/ Leave voting fruit farmer faces ruin if EU migration ends...

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Timmd on 12 Jul 2017
wercat on 12 Jul 2017
In reply to Timmd:
I find it hard to sympathise when he is one of those who have pushed us into this almighty mess


Although nothing would delight me more than a national realisation of our folly that saves all of us, including people like this, from this monumental idiocy
Post edited at 13:15
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Timmd on 12 Jul 2017
In reply to wercat:
I thought it'd just share it as a window into what's happening in the country. However they voted, looking into farming and Brexit shows similar concerns being shared by other farmers.

Post edited at 13:18
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lummox - on 12 Jul 2017
In reply to Timmd:
F*cktardus giganitcus- Mr. Hall, that is
Post edited at 13:22
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wbo - on 12 Jul 2017
In reply to Timmd:

> I thought it'd just share it as a window into what's happening in the country. eh?

Personally I think it's quite funny though I doubt he does. I certainly find it hard to rouse much sympathy.
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rj_townsend on 12 Jul 2017
In reply to Timmd:
It's hard to imagine how such a cretin managed to run a business in the first place - he clearly doesn't have even the tiniest understanding of how his own company operates and the dynamics of the market they are in.

Is there a corporate version of the Darwin Awards?
Post edited at 13:24
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Moley on 12 Jul 2017
In reply to Timmd:

Hard to understand how a large businesses owner did not equate his leave vote with potential restrictions on EU workers to the UK. Especially when his own business is 100% reliant on those EU workers.
Dull as a hedge.
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wintertree - on 12 Jul 2017
In reply to Timmd:

An altenative reading of the article says that we are going to end up paying 35% to 50% more for a non staple/luxury fruit, and in doing so will create 4000 seasonal jobs for our citezens with this one company alone.

I am still hoping that we end up staying in the EU, but I would also be happy to see people pay a sustainable price for the food they buy.
Post edited at 13:31
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andyfallsoff - on 12 Jul 2017
In reply to wintertree:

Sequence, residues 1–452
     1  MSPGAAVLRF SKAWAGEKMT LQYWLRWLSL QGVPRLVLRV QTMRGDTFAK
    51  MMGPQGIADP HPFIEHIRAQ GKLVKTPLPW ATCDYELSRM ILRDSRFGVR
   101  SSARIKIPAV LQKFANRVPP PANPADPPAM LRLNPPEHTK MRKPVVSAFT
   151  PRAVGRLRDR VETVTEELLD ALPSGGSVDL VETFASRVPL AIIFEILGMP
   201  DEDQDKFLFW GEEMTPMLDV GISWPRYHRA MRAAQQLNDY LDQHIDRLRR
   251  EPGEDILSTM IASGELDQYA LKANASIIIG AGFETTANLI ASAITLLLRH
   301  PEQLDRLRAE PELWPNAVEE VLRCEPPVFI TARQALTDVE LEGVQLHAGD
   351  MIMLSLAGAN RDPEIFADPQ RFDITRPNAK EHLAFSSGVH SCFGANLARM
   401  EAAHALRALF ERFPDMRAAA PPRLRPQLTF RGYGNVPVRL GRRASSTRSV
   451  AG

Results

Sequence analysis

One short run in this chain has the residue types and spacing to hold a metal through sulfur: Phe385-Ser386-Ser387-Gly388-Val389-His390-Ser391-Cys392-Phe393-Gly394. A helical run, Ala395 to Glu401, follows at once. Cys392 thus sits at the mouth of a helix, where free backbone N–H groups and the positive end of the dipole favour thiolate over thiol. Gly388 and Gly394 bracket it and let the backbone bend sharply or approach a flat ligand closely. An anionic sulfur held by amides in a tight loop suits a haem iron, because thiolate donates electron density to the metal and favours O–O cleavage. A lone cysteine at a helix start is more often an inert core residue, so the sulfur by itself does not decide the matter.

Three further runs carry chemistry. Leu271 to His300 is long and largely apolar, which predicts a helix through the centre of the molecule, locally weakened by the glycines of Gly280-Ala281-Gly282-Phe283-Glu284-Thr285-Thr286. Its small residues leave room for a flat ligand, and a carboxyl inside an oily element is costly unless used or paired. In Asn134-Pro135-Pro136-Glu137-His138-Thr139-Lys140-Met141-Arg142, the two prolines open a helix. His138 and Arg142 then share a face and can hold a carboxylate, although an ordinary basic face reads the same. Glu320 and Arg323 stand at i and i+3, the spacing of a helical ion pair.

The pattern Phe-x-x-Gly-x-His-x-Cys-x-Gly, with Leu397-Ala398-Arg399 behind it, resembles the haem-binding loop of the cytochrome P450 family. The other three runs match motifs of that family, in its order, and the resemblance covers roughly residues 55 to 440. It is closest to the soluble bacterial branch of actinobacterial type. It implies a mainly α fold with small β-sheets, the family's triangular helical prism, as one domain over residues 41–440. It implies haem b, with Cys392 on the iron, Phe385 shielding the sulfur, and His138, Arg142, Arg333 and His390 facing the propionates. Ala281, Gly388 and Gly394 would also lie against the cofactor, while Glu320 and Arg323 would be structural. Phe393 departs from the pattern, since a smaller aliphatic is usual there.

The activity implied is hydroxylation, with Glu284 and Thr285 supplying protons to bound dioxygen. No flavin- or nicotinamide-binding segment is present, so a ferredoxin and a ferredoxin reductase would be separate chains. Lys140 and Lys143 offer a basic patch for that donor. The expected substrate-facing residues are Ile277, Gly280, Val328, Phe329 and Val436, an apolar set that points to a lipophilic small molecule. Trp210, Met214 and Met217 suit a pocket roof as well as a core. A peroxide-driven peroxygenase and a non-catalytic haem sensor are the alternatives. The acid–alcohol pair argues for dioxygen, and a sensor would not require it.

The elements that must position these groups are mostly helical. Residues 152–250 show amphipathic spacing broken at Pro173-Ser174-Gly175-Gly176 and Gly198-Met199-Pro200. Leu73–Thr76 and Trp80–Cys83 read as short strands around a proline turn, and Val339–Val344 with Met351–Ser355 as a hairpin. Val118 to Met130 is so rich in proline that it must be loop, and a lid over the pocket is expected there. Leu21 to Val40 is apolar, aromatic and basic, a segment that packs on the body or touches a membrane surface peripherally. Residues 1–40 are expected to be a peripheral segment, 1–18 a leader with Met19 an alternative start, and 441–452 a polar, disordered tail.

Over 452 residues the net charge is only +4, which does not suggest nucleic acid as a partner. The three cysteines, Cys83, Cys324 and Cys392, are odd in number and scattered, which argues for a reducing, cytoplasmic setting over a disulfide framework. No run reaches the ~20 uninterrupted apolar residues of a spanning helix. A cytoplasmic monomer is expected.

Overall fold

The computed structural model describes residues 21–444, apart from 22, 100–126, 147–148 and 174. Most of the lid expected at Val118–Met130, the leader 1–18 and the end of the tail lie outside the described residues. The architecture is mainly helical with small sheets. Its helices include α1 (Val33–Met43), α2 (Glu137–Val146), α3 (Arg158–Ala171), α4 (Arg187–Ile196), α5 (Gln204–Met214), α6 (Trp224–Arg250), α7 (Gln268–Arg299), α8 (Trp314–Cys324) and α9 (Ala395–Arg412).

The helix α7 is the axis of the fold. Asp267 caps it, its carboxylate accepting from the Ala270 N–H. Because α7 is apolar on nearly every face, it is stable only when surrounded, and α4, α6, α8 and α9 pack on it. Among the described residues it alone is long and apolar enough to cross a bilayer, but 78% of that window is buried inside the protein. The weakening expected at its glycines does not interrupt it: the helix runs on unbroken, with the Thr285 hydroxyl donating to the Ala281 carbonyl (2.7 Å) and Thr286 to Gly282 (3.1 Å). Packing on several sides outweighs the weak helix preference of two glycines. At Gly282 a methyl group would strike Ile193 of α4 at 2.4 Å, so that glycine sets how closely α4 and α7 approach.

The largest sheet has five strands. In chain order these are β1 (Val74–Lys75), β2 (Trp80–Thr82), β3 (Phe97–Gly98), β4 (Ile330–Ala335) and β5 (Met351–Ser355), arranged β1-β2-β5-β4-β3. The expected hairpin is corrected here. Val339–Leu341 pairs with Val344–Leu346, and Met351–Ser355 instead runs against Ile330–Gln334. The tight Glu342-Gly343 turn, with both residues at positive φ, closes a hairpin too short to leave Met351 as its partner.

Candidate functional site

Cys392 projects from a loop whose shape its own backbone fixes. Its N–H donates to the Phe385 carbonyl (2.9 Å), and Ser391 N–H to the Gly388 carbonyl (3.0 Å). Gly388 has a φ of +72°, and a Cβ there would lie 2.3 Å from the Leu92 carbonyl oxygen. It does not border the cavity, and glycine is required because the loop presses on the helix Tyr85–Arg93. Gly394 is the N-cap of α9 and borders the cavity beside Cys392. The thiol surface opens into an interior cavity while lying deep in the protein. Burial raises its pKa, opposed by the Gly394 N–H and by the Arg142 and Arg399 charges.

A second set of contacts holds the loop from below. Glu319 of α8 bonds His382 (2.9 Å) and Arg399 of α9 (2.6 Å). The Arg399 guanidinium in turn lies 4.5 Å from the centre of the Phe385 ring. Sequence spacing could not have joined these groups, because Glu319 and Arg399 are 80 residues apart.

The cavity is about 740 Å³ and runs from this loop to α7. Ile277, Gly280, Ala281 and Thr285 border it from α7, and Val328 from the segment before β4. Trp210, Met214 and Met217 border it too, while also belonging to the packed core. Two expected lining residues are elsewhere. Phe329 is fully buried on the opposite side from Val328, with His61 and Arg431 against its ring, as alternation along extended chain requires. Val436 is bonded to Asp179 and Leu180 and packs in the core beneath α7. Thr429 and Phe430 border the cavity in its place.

Is there any evidence that UK citizens want, or are willing, to do these seasonal jobs, though?

My understanding is that the reason this sector has become reliant on migrants is that they aren't.
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Wanderer100 - on 12 Jul 2017
In reply to wintertree:

> An altenative reading of the article says that we are going to end up paying 35% to 50% more for a non staple/luxury fruit, and in doing so will create 4000 seasonal jobs for our citezens with this one company alone.

> I am still hoping that we end up staying in the EU, but I would also be happy to see people pay a sustainable price for the food they buy.

When I was still at school me and my siblings and friends used to pick fruit during the Summer holidays. The work was hard and the pay wadnt great but we literally queued up for the privilege. This 'country' needs to get off it's self entitled and over protective backside and allow under 16s to do a days paid work. That would get plenty of fruit picked in the summer months.
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Lusk - on 12 Jul 2017
In reply to andyfallsoff:

> Is there any evidence that UK citizens want, or are willing, to do these seasonal jobs, though?

> My understanding is that the reason this sector has become reliant on migrants is that they aren't.

Maybe it's something to do with the fact that the pay is shit?
tony on 12 Jul 2017
In reply to Lusk:

> Maybe it's something to do with the fact that the pay is shit?

What's the difference between migrant workers being paid shit and British workers being paid shit?
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andyfallsoff - on 12 Jul 2017
In reply to Lusk:

Agree that might be a part of it, but I thought it was possible to earn a reasonable amount of money (more than checkout pay). I think other factors are that it's hard, physical work, and it's seasonal. The workers need to be in the right place, at the right time, so it only suits people who are willing to move to be near the farms at the times of harvest, and then willing to do the very early starts etc / generally anti-social hours.

Paying sufficient money might make people willing to overlook these issues, but given cost competition from overseas, I can imagine that what will actually happen in lots of cases is that the UK farms will go out of business and we'll rely on more air-freighted fruit and veg, the same way we do during off-seasons.

All speculation, though, we will have to see.

Timmd on 12 Jul 2017
In reply to tony:
> What's the difference between migrant workers being paid shit and British workers being paid shit?

I gather that it's easier to earn shit over here than where the migrant workers come from, and it's worth more when they go back than it is here in the UK.

That may have changed a little bit since the pound became weaker...